Ohmygod. Pretty much all I can think right now is “holy shit, my mind just exploded.” Because seriously. This book? More dangerous to minds than nuclear weapons are to people. I don’t even know where to start.
The best place, probably and unfortunately, is the disappointment. It wasn’t at all what I wanted it to be. Now, I know that’s probably unfair of me to say, but I had high hopes for this, and it didn’t live up to them. It was too…linear? Too fast. Things moved too quickly and always only in one direction. This was the book that was supposed to answer the questions, solve the problems — not introduce more that would prove to be utterly unsolvable. Of course I know more now about the Om’ray, and the M’hiray, than I did before reading this, but not the kinds of things that I really wanted to know. Too much of this book felt like useless information, the stuff I read through to get to the “good part.” Except that the “good part” never came.
Before I skip ahead too far, I should say that the first 50 pages or so were delightful, like coming back to Italy after four years and discovering that I loved it so much more than I’d remembered was possible. Even the things that bother me about Julie’s style felt like coming home—her strange interjections, heavy overuse of fragments, none of it mattered, because I was there with Enris and with Aryl and they were adorable and in love and about to embark on something like a great adventure.
And then things just went strange. A hundred or so pages in, I started remembering what Vikram and Melanie and my instincts have taught me about writing — start with a conflict on page one, let the reader know what the story is about, and make sure that there are new challenges and new obstacles that build upon this up until a climax. But it took far too long for this story to make its way to its eventual conflict and climax, and in the end, the storyline really meandered too much for its own good. I personally don’t see why the whole storyline about Naryn going to Vyna and Anaj showing up as her unborn child (and then the thing with going to Tikitna afterward) had to be there. The real dangers in the story are the dangers that A) more and more Om’ray are learning how to ‘port and disturbing the balance, and B) pirates are coming after Marcus’s Hoveny Concentrix finds, threatening not only his life but also the security of the Om’ray. As far as I’m concerned, the story could quite easily have started with Marcus’s fear that pirates might appear to cannibalize his find, and Aryl’s fear that the Om’ray are becoming something else, something heretofore unknown and uncontrollable.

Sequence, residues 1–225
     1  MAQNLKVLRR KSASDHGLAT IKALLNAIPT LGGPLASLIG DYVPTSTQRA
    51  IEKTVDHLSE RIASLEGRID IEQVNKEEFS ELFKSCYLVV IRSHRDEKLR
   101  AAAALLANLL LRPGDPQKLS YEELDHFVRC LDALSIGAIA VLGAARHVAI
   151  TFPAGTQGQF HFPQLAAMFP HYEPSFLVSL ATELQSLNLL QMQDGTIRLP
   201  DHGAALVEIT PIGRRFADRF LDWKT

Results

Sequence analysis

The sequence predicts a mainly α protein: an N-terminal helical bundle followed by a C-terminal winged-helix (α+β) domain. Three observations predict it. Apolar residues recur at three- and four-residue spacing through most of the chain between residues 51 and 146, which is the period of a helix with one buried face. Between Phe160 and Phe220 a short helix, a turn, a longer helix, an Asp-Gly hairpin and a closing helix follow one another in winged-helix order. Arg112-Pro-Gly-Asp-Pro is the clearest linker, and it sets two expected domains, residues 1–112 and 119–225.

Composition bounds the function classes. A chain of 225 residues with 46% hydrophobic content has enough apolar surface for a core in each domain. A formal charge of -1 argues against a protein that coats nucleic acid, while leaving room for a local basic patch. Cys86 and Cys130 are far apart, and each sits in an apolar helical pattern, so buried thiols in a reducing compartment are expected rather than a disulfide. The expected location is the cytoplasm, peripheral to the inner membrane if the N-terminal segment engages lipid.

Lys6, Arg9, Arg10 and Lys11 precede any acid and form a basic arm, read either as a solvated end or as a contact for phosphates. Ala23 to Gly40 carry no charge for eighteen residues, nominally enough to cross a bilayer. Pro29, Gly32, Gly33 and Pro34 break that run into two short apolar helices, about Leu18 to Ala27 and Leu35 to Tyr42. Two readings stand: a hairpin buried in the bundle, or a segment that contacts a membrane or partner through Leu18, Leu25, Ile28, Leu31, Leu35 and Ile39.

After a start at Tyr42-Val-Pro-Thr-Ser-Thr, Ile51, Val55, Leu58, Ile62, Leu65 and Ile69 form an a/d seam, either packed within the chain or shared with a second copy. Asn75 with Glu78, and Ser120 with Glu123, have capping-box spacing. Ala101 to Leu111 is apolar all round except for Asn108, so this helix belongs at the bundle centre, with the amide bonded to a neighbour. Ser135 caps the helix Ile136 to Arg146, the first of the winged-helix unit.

Every scene with Marcus in it — especially those toward the end — tore my heart away. I had a bad feeling from the first time I met him and started to fall in love with him that he wouldn’t survive to the end of the series, but to see him die the way he did, and for him to live on with the sort of name that history made for him, just struck me as far too terrible to be true.
Well, I think I’ve made my way here now — the first ending. The first epilogue. The moment when I went, “oh shit, what’s going on?” The moment when the ground disappeared from under my feet and I just went falling down into a dark dark hole, not knowing if I’d ever come out again. An epilogue? But isn’t there more of the book? From the moment that the thing had started with an effective “Part One” entitled Cersi, I’d been ready for the Stratification — the leaving of the Clan homeworld, the movement outwards — but nothing could’ve prepared me for what happened next. Nothing could have prepared me for what became of the M’hiray almost as soon as they set foot on Stonerim III. All the things that mattered, the things that made them who they were, that linked them to each other and to their own memories, their own past, gone. Each and every one of them lost. Wondering what it meant to be a certain way and not know why. Aryl, knowing she loves heights, knowing how to climb and fight and protect and be strong, but not knowing who that makes her. The shock of an epilogue with at least 100 pages left in the book was nothing to the shock of seeing these characters suddenly stripped of everything I’d come to associate with who they are.